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   Andrew Bradford​

The story of Charlie and Kathy Bradford​

Some Thoughts About Slavery and the Culture Wars

Slavery has been part of human life since the dawn of history. It is still with us today, as shown by American singer-songwriter Rhiannon Giddens’s twenty-first century re-write of ‘Barbados’, an eighteenth century poem by the abolitionist William Cowper.

Cooper Wrote:

What I hear of their hardships, their tortures, and groans

It's almost enough to draw pity from stones

I pity them greatly, but I must be mum

For how could we do without sugar and rum?

Especially sugar, so needful we see?

What? Give up our desserts, our coffee, and tea?!

Besides, if we do, the French, Dutch, and Danes

Will heartily thank us, no doubt, for our pains

If we do not buy the poor creatures, they will

And tortures and groans will be multiplied still

And Giddens re-wrote those lines as:

I pity them greatly, but I must be mum

For what about nickel, cobalt, lithium?

The garments we wear, the electronics we own?

What? Give up our tablets, our laptops, and phones?!

Besides, if we do, the prices will soar

And who could afford to pay one dollar more?

Sitting here typing it seems well worth the price

And you there, listening on your favorite device

This bargain we're in, well, it's not quite illicit

So relax, my friend, we're not all complicit


It might be argued that today’s western consumer, who also enjoys the ability to vote and influence political discourse, knows and cares far less about slavery than his or her eighteenth century counterparts. Our forebears, who by and large, were unable to vote, regularly packed town squares and churches to protest against slavery and used their economic power to boycott slave-produced sugar and rum. Why doesn’t the twentieth-century consumer do the same? Could we make a difference if every time we bought a garment from a high-street store, we asked whether it was made from cotton produced by coerced Uighur labour in China, for example?

However, to argue that slavery has always been, and by inference will always be, part of humanity, runs the danger of minimising what happened to thirteen million Africans at the hands of white Europeans from the sixteenth until, in the case of the Belgian Congo, the early part of the twentieth century. More than a million died on the journey to the New World, and those who were enslaved in the West Indian sugar plantations, once sent to work in the field, measured their life expectancy in months not years.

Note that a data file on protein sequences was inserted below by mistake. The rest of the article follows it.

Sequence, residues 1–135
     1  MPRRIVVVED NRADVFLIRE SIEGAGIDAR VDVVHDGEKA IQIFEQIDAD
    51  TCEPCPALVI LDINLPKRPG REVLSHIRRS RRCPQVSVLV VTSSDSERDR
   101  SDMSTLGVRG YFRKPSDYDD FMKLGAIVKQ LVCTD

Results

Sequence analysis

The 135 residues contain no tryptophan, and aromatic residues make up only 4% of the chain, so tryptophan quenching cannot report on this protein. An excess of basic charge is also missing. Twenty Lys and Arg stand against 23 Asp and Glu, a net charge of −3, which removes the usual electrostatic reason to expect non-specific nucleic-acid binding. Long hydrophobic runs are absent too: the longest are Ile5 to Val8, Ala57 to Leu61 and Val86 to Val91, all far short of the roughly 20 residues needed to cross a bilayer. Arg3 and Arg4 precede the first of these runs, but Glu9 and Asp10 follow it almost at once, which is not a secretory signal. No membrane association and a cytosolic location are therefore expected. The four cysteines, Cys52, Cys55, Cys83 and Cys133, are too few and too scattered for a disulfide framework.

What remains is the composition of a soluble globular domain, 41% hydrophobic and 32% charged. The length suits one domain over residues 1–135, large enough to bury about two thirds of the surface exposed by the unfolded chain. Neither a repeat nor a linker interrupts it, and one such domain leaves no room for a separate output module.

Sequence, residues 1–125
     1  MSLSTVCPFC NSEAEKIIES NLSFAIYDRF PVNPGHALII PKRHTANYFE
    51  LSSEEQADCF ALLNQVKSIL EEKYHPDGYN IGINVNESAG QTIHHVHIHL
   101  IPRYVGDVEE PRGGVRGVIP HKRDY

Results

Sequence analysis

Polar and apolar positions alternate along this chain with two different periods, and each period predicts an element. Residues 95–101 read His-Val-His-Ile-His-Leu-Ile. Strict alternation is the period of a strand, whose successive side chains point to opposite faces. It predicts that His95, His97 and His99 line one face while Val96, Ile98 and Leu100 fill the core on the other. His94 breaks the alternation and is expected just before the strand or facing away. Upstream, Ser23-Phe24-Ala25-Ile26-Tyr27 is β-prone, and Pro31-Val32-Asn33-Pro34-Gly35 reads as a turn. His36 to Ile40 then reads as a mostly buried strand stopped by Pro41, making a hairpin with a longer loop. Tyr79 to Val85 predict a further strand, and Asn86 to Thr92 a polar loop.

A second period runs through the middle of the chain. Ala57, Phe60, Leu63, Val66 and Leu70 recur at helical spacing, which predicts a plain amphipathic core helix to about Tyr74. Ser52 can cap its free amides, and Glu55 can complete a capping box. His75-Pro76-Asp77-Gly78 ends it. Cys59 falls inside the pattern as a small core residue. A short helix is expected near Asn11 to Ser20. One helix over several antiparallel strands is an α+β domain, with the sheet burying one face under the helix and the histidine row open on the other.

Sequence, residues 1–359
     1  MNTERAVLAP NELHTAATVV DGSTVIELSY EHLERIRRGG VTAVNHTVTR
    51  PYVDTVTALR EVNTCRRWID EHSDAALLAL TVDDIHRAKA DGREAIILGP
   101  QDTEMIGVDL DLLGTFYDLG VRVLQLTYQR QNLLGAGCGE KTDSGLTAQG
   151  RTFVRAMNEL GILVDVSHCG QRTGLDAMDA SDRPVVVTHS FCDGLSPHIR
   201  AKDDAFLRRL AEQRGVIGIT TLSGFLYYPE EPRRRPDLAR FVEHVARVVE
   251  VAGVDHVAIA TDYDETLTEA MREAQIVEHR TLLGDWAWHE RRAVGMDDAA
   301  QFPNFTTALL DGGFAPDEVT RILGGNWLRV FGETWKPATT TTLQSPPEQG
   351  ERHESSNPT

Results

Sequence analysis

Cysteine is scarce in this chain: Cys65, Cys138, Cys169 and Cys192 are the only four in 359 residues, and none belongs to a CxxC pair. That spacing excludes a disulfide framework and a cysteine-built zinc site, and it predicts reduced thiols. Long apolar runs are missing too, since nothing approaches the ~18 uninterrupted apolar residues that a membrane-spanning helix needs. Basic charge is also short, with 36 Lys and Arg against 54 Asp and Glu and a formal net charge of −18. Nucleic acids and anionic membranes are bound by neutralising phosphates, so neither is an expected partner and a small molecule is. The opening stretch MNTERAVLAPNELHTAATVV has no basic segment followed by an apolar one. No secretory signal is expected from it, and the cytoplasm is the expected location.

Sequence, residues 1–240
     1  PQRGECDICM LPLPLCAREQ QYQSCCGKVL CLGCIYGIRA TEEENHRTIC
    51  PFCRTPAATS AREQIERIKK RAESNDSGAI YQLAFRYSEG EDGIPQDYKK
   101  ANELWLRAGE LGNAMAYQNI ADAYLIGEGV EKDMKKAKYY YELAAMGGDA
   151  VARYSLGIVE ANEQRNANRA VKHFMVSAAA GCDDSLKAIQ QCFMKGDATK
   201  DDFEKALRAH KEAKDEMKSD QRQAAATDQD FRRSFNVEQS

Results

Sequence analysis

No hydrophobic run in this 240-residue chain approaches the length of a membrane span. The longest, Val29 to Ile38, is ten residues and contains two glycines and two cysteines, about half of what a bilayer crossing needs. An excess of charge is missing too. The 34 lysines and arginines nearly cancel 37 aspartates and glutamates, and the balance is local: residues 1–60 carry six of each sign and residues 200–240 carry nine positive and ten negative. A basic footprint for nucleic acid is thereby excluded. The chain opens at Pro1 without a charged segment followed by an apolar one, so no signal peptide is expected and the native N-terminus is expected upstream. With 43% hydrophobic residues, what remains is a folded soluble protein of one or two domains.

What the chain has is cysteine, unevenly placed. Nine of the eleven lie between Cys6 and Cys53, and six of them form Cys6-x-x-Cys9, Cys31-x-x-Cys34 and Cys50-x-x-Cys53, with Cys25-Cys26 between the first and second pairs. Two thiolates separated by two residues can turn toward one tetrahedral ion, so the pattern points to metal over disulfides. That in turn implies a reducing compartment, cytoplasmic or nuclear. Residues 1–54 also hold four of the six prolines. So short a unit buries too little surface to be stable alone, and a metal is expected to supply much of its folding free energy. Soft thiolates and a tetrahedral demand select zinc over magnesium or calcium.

Today, a lot of political discourse is centred around the so-called ‘culture wars’. Crudely, the culture wars are presented as a conflict between older people, who are concerned about familiar and loved local landmarks being renamed or demolished; and younger people who are accused of trying to ‘re-write history’. The National Trust has come in for a lot of criticism for daring to examine the relationship between many of its properties and collections. Specifically, the Trust is researching whether the wealth that established some of its large estates was created by the ownership of other humans. This criticism is, in my opinion, entirely malevolent and unjustified. What is the point of a body such as the NT if it doesn’t carry out historical research on its assets? Why should some areas of research be deemed acceptable while others are considered beyond the pale?

In 1784 Samuel Greg opened Quarry Bank Mill in the remote village of Styal, which is now on the outskirts of Manchester. The Mill took cotton that was produced by West Indian slaves and spun it into thread using water-power from the River Bollin. Greg needed a labour force to work the new machinery, and within Britain itself, slavery was not acceptable. Greg needed to find a way of subduing labour without enslaving it, and the solution was to tour the workhouses of London to find children as young as eight years old to work ten-hour days in the mill. These children lived in the cramped Apprentice House, which was controlled by superintendents who, to be fair, did their best to educate them. However, industrial accidents such as severed fingers were common.

Quarry Bank Mill has been owned by the National Trust for many years, and the Trust has always presented visitors with an honest and balanced visitor experience about the role of coerced child labour in the mill’s early history. But how was the Mill financed in the first place? The Trust’s research concludes that the initial capital came from the Greg family’s ownership, over several generations, of slave plantations in Dominica and St. Vincent. When slavery was finally abolished in 1833, Samuel Greg’s son Thomas claimed £5,080 - more than half a million pounds in today’s money – as compensation for the loss of 210 slaves.

Slavery is only the most extreme form of coerced labour. The young boys and girls who were sent to Quarry Bank Mill’s Apprentice House from the workhouses of Hackney and Chelsea were also coerced, but by a lesser degree. In terms of the culture wars, those who criticise the trust should answer the question why they consider it acceptable to point out the Greg family’s involvement in the exploitation of children but unacceptable to point out their involvement in slavery. For a nation both to have an honest record of its history, and to understand its place in the modern world, we need to be able to hear, and be prepared to listen to, both stories.

Reflections:

Earlier this month I retired after 13 very fulfilling years as a board member and former Chairperson of

@FaceFrontUK

. Here are my thoughts:

https://www.facefront.org/reflections-on-stepping-down-from-the-board-after-almost-13-years/

Reflections on being an undergraduate in my seventies